5. Go Outside During the Day
Natural sunlight is the best way to help regulate circadian rhythms, so spend time outdoors, particularly in the earlier part of the day. Whether taking a walk or simply sitting on the patio drinking hot apple cider, the opportunity to get outside – even if it’s cloudy – makes a big difference.
6. Encourage Physical Activity
Regular exercise, including walking, in sessions of at least 30 minutes has been found to be beneficial for cognitive health. Helping an individual with dementia get regular physical activity can help regulate sleep patterns and reduce restlessness. A walk in the fresh air or light indoor exercises can do wonders for the person’s well-being.
7. Create a Calming Environment
A tranquil environment can help alleviate the stress that comes with the time change. This includes soft music, a comfortable temperature, and the use of adaptive devices like clocks with large numbers to reduce anxiety about the time of day.
Plan more stimulating activities in the morning and encourage relaxing activities in the afternoon. During the evening, offer activities and things that provide a sense of calm and comfort. This could be:
- A favourite pastime
- Soft toy animals
- Familiar songs
- A nightlight or radio playing softly may help with sleep.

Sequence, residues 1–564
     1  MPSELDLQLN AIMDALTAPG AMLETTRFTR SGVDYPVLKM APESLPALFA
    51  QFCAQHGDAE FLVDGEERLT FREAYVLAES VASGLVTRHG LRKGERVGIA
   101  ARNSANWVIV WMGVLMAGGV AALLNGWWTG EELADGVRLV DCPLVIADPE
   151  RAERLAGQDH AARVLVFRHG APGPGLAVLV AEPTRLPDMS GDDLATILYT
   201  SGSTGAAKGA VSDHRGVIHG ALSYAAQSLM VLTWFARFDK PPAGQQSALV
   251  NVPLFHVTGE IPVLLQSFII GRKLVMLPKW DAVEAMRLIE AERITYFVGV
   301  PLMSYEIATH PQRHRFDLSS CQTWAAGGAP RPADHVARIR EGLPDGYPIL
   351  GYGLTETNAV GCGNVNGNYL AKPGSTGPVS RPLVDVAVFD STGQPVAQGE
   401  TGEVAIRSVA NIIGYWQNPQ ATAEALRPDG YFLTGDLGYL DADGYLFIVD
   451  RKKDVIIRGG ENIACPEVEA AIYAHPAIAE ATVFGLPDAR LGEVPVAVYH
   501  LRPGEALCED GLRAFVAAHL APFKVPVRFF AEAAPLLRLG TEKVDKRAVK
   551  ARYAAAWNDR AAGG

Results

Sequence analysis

8. Patience and Compassion
Use redirection if needed. Redirecting your loved one’s attention is one of the best tools in your caregiver toolbox. If your loved one is becoming agitated, anxious, or exhibiting other unwanted behavior, distract them to redirect their focus and help them reach a place of comfort and calm.
Above all, patience and compassion are essential. There will be good days and bad days. Acknowledge that the change of season is tough for them, too, and offer reassurance when they feel lost or anxious.
9. Educate Yourself and Others
Understanding the intricacies of dementia will better equip you to handle the challenges that arise with the time change. Educating family members and friends can also provide a support network for you and your loved one.
10. Self-Care for Caregivers
Lastly, it’s vital for caregivers to take care of themselves. The time change can increase the caregiving burden, so ensure you’re getting enough rest, eating well, and seeking support when needed.
Where Caregivers Can Get Help with Seasonal Changes
The transition out of Daylight Saving Time doesn’t have to be daunting. With thoughtful preparation and a toolbox of strategies, caregivers can help ease the disorientation associated with the time change and change of seasons. Remember, you are not alone on this journey. If you and your loved one lives in an All Seniors Care residence, there’s a community of caregivers and healthcare professionals ready to support you.
All Seniors Care offers memory care services and amenities like sensory rooms or secure terraces to help ease transitions and optimize wellbeing. To support seniors living with early cognitive decline, BLOSSOM Living provides structure and cognitive stimulation so that residents can live independently for longer and continue to age-in-place through all stages of dementia.
If you aren’t a resident, but are looking for a memory care in Ottawa or assisted living in Regina, Schedule a visit to find out how our dementia-friendly design aims to support seniors throughout the and at all stages of their illness.